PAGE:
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Monster Mash – Round 2 – NYC Midnight Flash Fiction Challenge

This past weekend marked my 11th round of the NYC Midnight (NYCM) Flash Fiction Challenge (FFC). To be honest, I wasn’t all that enthusiastic to compete. I’m currently immersed in the latest draft of my novel, and shifting gears pained me. It pained me even more when I received my score for the first round of this year’s contest.

Two points!

Okay, okay. That’s not horrible considering I’ve never attempted to write pure comedy, and comedy is one of the most subjective genres out there.

Low score aside, I still had fun this weekend. Well, mostly…

As a quick reminder, NYCM FFC is a writing contest where writers from all over the world are given three prompts (genre, location, and object), and then 48-hours to write a 1,000 word story. All competitors get to compete in two of the four rounds. This past weekend was the second round, which kicked off at 10 p.m. (MST) Friday when prompts were released.

First impressions of my group’s prompts:

Genre: Fantasy

Location: Waterfront esplanade

Object: Animal horn

When I saw my prompts, I went through a myriad of emotions all at once: horror, amusement, irritation, confusion. I mean, seriously, what the heck is an esplanade? I had to google it before I could do anything else. (FYI, an esplanade is “a long, open, level area, usually next to a river or large body of water, where people may walk.”)

Once I had my location prompt figured out, I turned to the main matter at hand: brainstorming a plot.

Per usual, I talked things out with my favorite writing critic: my mom. For the first time ever, we didn’t banter back and forth on how to approach the prompts. I already knew the general direction I wanted to take.

Goblins!

Yeah, yeah fantasy lovers. I know Gollum isn’t a goblin. However, I decided a long time ago that if I ever received fantasy in this contest, I’d write about a Gollum-goblin-like character. So, I did!

Next, I had to figure out the “animal horn” prompt. Obviously, my first thought was, “Unicorn!” I’m sure it was everyone else’s too, so I stayed far away from that and brainstormed other possibilities. As I did, my seven-year-old nephew curled up next to me with his tablet and watched one of his favorite videos: “Giant God Warrior” (a Japanese short fantasy monster action film). I stared at the creepy creature on screen, studied its horned back, and voila! I had an idea!

Well, sort of.

I packed up my computer and went home. By this point, it was approaching 1 a.m. and I’d been up since 4 a.m. So…yeah. The second I got home, I collapsed in bed and stayed there much longer than I usually do during these contests.

Once I found the motivation to get up on Saturday and start writing, my internet crashed. GAHHH! That threw me for a loop since I needed to do some much needed research on goblins.

[Cue twiddling thumbs, cleaning house, texting friends…]

An hour later, the internet returned, along with my focus. I sat down and spent the rest of the day hammering out a first draft. Mid-afternoon, my mom showed up to read what I’d come up with and help me chop over 600 words (doh!).

My favorite part of the contest occurred when my mom and I tried to think of names for my characters and the fantastical world they lived in: Letchmo. Catastrafo. Fodhopper. Evilgore. Mcnasty!

After we pulled ourselves together (and found a few serious names), my mom left and I sent a draft off to my beta readers. On Sunday morning, I awoke to their feedback. To my surprise, they liked it–much more than I thought they would.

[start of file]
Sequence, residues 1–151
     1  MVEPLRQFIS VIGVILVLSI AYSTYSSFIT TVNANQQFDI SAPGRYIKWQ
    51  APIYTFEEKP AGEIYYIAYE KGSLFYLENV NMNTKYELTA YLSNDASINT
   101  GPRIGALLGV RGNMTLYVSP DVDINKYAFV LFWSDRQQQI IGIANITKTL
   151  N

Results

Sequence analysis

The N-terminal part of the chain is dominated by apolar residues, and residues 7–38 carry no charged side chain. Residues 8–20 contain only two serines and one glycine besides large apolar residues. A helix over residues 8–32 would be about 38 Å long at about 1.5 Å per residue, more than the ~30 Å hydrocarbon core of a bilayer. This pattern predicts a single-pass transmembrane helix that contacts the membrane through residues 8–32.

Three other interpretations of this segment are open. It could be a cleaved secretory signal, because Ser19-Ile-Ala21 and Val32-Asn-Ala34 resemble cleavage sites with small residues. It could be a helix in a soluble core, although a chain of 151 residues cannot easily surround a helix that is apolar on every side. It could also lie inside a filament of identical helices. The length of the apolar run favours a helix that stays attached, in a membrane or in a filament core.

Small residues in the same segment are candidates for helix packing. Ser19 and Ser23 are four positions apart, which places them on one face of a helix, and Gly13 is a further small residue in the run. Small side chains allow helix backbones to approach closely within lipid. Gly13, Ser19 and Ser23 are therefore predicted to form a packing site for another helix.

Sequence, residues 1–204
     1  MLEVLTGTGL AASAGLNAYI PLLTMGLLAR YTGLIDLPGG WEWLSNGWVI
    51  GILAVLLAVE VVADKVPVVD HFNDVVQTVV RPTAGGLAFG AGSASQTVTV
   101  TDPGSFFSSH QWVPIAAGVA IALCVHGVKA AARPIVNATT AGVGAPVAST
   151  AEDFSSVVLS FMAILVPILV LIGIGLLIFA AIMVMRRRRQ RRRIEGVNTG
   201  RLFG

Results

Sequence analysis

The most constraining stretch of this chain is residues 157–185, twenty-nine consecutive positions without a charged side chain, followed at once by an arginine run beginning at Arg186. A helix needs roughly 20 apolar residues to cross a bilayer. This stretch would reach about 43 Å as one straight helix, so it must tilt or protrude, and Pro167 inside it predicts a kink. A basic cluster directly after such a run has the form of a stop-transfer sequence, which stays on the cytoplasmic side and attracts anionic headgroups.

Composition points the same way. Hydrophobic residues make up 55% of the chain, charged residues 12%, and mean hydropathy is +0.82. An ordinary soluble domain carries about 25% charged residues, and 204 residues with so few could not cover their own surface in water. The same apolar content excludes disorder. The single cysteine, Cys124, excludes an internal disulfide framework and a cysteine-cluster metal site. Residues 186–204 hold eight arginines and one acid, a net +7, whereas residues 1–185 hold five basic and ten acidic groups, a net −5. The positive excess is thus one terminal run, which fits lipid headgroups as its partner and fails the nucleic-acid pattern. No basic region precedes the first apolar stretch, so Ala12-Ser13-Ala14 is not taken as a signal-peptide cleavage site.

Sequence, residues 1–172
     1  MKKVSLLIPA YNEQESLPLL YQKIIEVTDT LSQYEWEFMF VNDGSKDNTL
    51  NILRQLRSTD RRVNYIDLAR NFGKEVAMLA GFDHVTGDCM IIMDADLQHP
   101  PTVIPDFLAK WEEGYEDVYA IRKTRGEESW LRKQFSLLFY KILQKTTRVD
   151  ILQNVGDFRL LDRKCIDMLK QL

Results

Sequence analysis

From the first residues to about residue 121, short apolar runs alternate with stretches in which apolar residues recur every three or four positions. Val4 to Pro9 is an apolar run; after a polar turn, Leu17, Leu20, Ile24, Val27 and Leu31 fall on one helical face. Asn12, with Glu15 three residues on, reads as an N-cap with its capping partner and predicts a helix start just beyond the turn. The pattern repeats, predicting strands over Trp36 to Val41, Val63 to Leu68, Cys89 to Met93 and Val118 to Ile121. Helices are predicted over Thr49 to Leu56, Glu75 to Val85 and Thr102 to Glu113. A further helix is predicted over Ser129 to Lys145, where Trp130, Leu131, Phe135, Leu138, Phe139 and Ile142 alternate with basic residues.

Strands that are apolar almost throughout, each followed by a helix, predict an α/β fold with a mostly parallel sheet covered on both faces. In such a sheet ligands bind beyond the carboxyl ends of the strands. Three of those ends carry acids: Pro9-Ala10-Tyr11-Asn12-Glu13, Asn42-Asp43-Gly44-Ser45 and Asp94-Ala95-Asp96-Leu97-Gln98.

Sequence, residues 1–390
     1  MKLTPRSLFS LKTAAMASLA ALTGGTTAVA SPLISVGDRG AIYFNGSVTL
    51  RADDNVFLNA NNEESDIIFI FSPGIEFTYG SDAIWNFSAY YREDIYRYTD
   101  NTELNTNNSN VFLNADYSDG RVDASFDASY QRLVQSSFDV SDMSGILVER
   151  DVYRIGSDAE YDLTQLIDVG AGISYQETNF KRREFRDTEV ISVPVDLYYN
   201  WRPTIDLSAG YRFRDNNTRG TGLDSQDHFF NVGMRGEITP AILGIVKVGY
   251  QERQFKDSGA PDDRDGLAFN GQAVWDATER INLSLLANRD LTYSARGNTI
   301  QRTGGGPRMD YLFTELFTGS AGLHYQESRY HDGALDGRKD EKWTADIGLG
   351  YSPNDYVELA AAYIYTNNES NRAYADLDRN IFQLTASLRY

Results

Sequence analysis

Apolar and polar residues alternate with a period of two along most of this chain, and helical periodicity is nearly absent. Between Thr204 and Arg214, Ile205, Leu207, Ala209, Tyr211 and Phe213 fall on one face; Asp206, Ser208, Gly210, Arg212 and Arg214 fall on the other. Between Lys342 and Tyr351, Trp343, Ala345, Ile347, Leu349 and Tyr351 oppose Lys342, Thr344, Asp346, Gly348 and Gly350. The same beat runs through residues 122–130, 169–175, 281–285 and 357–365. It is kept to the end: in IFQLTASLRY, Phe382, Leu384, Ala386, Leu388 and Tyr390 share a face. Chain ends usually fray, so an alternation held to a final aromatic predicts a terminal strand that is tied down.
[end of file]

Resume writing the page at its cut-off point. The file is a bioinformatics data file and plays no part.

Hallelujah!

I fixed the big problems, chopped the remaining 200 words I needed to chop in order to meet the word count limit, and submitted my story.

Was fantasy my favorite genre? No. Did I like the story I came up with? Yes. It’s not my favorite NYCM entry, but I’m proud to present it to the judges, my competitors, and, maybe someday, a publisher.

For those interested, here’s my title and synopsis:

“Zili”

BRIEF SYNOPSIS: Zili, a gentle goblin, wishes to walk in the light as a man. A horned creature grants his wish . . . and more.

If you’d like to read my entire entry, let me know and I’ll send you the password.

Congrats to all those who participated and submitted a story for NYCM’s Flash Fiction Challenge 2017!

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Photo Credits: giphy

 

Bottoms Up – 1st Round – NYC Midnight Flash Fiction Challenge

Lat weekend I competed in my 5th Flash Fiction Challenge. Yep, I keep coming back year after year to punish myself with sleep deprivation, lots of hair pulling and crying, and heart palpitations…Okay, okay, it’s not that bad. Well, it used to be when I was still figuring out how to handle this mad-dash writing contest. But after 17-rounds, I think I’ve finally figured out my process. (If you care to, you may read about my full experience here).

As a reminder, I had 48-hours to write a 1,000 word story based on these prompts:

Genre: Comedy

Location: A bartending school

Object: Sandpaper

Thanks in advance for reading, and thanks for any feedback you might have!

“Bottoms Up”

 By Jenna Willett

BRIEF SYNOPSIS: A millennial needs a job to handle life’s necessities, like yoga, Netflix, and Starbucks. He decides to try bartending (#thestruggleisreal).


 

A flashing advertisement caught Jax’s eye as he skimmed through his Facebook feed:

CALLING ALL WANNABE BARTENDERS!

Intrigued, he clicked on the ad:

Looking for a career in bartending? Bottoms Up has an EXCELLENT opportunity!

Learn the tricks of the trade, gain real-life experience, and walk away with a job.

No experience necessary. Paid training. Good work ethic a MUST.

Where: Bottoms Up, 1932 Blake St., Denver, CO

When: Every Sunday until filled

Time: 9 a.m. – Noon

Belly up to the bar and chug down this opportunity. Chug, chug, chug!